Global emergency fund launched today: poor countries pledge money but richer Japan and Germany missing
Developing nations Pakistan, India and Egypt have all pledged money to a global emergency fund yet richer donors Germany and Japan have not given a single cent, said Oxfam International today. The fund was launched today by UN Secretary General Kofi Annan in New York.
Oxfam highlighted the disparity in giving which shows that poorer and disaster affected countries are contributing to the Central Emergency Response Fund (CERF), yet governments that have called for increased effectiveness in responding to emergencies including Japan and Germany have not pledged any money to the fund.
Disaster affected countries Pakistan, Grenada and Sri Lanka have all pledged a small amount, India has given $2 million and Korea has donated $5 million. Yet rich countries France and Belgium have given just $1 million and $1.2 million respectively.
The fund will help to ensure a rapid response to potentially save lives in emergencies such as last year’s South Asia earthquake, rather than the UN having to wait for money to be pledged every time a crisis occurs.
The new CERF was formally approved by the UN General Assembly in December and officially launched today. It now has a total of just $256 million (plus an existing $50mn loan facility), contributed by more than 30 governments with Canada ($17mn), Australia ($7.3mn), Spain ($10mn) and the United States ($10 million) all announced funding at the launch today. The Dutch government today doubled its contribution to $24 million.
Other donor governments that earlier contributed to the fund include UK, Sweden, Norway, Netherlands, Ireland, Switzerland, Denmark, Korea, Finland and Luxembourg.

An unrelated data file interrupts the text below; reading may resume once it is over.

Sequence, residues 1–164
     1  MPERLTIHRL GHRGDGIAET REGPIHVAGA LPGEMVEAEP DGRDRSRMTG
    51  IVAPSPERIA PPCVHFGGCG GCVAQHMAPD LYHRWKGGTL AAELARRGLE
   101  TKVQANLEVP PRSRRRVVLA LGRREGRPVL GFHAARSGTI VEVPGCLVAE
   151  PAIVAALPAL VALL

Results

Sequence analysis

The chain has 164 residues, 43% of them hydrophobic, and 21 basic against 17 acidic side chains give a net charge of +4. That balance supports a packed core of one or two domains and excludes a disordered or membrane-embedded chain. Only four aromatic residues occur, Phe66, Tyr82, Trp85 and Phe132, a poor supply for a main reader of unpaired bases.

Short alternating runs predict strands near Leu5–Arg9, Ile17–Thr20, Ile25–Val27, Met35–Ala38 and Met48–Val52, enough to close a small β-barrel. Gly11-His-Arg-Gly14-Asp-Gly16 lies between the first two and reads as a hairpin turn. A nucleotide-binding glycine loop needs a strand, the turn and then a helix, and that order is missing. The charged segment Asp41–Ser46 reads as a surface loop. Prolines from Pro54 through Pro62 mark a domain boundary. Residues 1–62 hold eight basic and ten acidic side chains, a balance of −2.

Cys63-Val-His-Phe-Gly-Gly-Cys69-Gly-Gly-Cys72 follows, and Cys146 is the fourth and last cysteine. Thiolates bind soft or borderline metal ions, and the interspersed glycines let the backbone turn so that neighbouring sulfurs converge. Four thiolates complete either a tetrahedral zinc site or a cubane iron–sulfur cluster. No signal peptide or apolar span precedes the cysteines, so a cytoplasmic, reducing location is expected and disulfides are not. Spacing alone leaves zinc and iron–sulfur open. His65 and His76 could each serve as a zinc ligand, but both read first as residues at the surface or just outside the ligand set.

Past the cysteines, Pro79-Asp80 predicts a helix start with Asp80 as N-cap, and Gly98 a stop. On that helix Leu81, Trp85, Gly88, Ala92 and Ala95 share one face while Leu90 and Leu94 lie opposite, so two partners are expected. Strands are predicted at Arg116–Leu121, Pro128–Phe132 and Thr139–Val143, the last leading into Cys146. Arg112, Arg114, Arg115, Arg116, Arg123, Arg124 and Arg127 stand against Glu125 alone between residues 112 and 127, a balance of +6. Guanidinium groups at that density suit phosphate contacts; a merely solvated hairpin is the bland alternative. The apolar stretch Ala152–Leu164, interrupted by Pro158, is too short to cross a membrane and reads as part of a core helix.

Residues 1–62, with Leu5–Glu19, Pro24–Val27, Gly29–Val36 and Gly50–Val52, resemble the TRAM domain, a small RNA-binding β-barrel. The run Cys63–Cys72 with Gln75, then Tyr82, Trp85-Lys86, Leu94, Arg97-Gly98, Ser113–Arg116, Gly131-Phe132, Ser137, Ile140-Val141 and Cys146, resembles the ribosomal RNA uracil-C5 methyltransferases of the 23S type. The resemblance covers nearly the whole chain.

Oxfam International’s Policy Advisor Greg Puley said that Oxfam welcomed today’s contributions from several donor countries and urged countries to continue contributing. Puley said the fund could help in the crucial first hours and days after a disaster and could also provide money to ‘neglected crises’ that do not receiving adequate donor government funds and attention.
“Many poor and disaster affected countries see the value in supporting the global emergency fund yet Japan and Germany have not contributed a cent,” said Oxfam’s Puley. “Responding immediately after a disaster is vital to saving lives, but without adequate money the global emergency fund will not be able to do so. Governments must pledge to the fund now, before the next emergency occurs.”
Oxfam International estimates that a fund of US$1billion is needed to help ensure that the UN can achieve its goal of quick and balanced response, and must come on top of governments’ existing aid budgets. One billion has been the annual shortfall between global humanitarian appeals and donor country response each year 2001 to 2004.
Oxfam used the example of Chad as a forgotten emergency that could be helped by the global emergency fund. Chad has suffered the consequences of a major influx of 200,000 refugees from the neighboring Darfur region and needs international assistance for water, sanitation, health, education and food programs. Yet the UN humanitarian appeal received just 55 percent of the funding needed in 2005 – just $125 million of the $227 million requested. The global emergency fund could help fill this gap.
Under current German budgetary regulations it is not possible for the government to contribute to a general fund. All pledges must be tied to a specific crisis. Oxfam International urges the German government to change this system to allow it to support the CERF.
For more information, please contact:
Caroline Green +1 202 321 7858, or
Greg Puley on +1 914 674 6442
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